Powerful Portraits using Mirrorless Cameras

 

Powerful Portraits using Mirrorless Cameras

 

Lesson Info

Cull Images in Capture One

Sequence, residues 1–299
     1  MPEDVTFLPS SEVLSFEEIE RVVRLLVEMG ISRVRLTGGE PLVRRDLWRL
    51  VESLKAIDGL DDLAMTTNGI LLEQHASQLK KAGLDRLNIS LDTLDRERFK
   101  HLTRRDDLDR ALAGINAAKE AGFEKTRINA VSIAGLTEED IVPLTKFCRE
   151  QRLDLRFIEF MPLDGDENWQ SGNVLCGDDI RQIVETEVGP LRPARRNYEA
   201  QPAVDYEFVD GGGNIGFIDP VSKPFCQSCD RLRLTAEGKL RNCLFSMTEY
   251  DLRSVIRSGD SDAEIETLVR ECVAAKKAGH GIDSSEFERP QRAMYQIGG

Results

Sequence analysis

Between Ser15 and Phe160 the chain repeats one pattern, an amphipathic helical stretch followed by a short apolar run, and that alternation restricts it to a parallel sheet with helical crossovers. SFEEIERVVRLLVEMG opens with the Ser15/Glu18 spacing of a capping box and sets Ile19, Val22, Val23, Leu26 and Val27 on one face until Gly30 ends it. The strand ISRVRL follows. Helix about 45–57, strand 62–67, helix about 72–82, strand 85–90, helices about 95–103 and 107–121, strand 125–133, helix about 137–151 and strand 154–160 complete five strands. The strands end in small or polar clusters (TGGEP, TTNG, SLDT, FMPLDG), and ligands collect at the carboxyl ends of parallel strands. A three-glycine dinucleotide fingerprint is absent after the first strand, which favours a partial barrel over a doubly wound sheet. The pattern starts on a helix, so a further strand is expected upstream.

Let's go back to Capture One 'cause I wanna be able to show you guys a typical way that I would go through and retouch a portrait session using Capture One, Photoshop and Alien Skin Exposure. And so I'm gonna go to the very first shot here and actually, the images that I'm looking to retouch for this segment are the beauty shots 'cause I went on to social media, and people were telling me that they were really interested in seeing one of these style of portraits retouched because they have a lot more detail and you know, oftentimes, beady images require a little bit more work. So I figure I will show you the images that will require more work as opposed to the easier shots that, you know, might make things a little easier for me, but provide less value for you. The very first thing, I'm shooting tethered with Capture One, so all of the images are all stored within Capture One. And very much the same way that I would do when I was using Exposure X2, what I'll do is I'll kind of go throu...